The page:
Hairtexture discrimination, does it exist?

Since the start of 2015 I have been experimenting with my beautiful locks. I went through three phases:

  1. Acceptance of my hair texture
  2. Getting to know my hair
  3. Experimenting with my hair

Now I can finally say that I gained full confidence of my hair. In order to question society successfully I have been observing, observing and again observing. I have been reading articles and discussions about hair texture discrimination. So why would I not test whether this truly happens?

    Before going into details I want to emphasize that it is hard to judge whether there is hair texture discrimination online. Likes and comments on Facebook, Instagram and other types of social media really depend on the amount of followers that someone has. The amount of followers that someone has depends on the charisma of that individual and his/her expertise. Therefore, I decided to do the test in real life. Normally my hair is curly/coily as in the picture below.


    So, what did I exactly do? I asked my lovely mother if she could do a Dominican blow out on my hair. We did not manage to straighten my hair completely, because I am blessed with a head full of hair and I was somewhat resistant towards the straightening ironer. This resulted in my hair being wavy, as you can see in the picture below.


    People in my environment reacted really surprised stating that my face looks different and some even claimed that they like this hairstyle better, yes some just said the words that pisses of most curly women: “This looks much better on you.” But why would I be upset? My preferences and my pride are the most important, right? The answer is that I do not care what others think about my hair. But I believe that these kinds of thoughts heavily depends on the cultural background of an individual. You see, you have individualism and collectivism. People from individualism societies (mostly Western cultures) act according to their interest. Most of them would be annoyed by such comments about their appearance, but most of the time people will do what they want to do, because it makes them happy. People from collectivism societies do many group thinking. If a group member thinks that someone’s hair looks awful, the person is more likely to adjust to the preferences of others. Why? Because these individuals tend to act in the interest of the whole.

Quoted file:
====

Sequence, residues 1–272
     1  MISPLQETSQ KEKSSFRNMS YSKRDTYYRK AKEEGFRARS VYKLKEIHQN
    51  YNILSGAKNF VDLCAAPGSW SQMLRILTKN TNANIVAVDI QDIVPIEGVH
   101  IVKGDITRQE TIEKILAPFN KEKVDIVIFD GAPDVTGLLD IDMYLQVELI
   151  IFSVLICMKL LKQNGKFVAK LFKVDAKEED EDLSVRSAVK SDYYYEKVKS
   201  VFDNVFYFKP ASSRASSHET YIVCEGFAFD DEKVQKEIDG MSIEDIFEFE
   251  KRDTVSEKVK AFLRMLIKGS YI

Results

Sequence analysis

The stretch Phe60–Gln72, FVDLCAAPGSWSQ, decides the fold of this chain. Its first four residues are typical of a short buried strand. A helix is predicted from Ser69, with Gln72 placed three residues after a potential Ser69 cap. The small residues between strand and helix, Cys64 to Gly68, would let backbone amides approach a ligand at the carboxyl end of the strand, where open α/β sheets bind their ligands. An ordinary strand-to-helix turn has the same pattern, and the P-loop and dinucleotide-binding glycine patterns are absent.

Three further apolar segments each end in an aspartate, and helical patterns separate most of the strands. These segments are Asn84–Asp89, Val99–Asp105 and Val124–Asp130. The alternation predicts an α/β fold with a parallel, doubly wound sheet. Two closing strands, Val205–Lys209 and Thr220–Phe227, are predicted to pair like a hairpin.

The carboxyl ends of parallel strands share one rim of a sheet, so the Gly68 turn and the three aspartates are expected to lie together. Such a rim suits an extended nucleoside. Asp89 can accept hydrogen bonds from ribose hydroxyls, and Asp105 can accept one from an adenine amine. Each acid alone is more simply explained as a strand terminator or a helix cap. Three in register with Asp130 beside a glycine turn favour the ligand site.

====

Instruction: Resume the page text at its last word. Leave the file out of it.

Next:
My second hairdo was similar to the previous one, but my hair was somewhat bigger. Do you know the quote ‘The bigger the hair, the harder they stare’? Believe me, it is true. And I really enjoy it, because I like to stand out from the crowd.


    The reactions of people were mixed, some were staring; some came up to me and gave me a compliment. I think that how big my hair looked amazed people. I did not really received negative feedback from others.

    Did I notice texture discrimination? Not really. My hair texture is considered as the less desirable hair types, but I did not notice that people were acting different towards me. So now I am wondering, did we implement in our minds that some hair textures are not beautiful? Possibly, at the very moment that we relaxed our hair. Unconsciously during the process of relaxing hair an individual develops the thought that straight hair looks better than curly/coily hair. This does not only impact the individual, but the witnesses in his/her environment. Our actions often have a huge impact on the mindset of those around us.

    I want to emphasize the meaning of discrimination:

    “The unjust or prejudicial treatment of different categories of people, especially on the grounds of race, age, or sex” Oxford Dictionaries.

    Thus in my opinion, if someone prefers a certain hair texture out of preference, this cannot be seen as discrimination. So does hair texture discrimination exist? In most circumstances no, preferences do.


3 thoughts on “Hairtexture discrimination, does it exist?

  1. Fia says:

    In South Africa it exists. People with coily curly hair are treated with less respect and are seen as incompetent in sport,academics,etc. They are treated with prejudice at so many levels. Most of the time they accept the prejudice as truth. They even refer to their hair as ‘difficult’.


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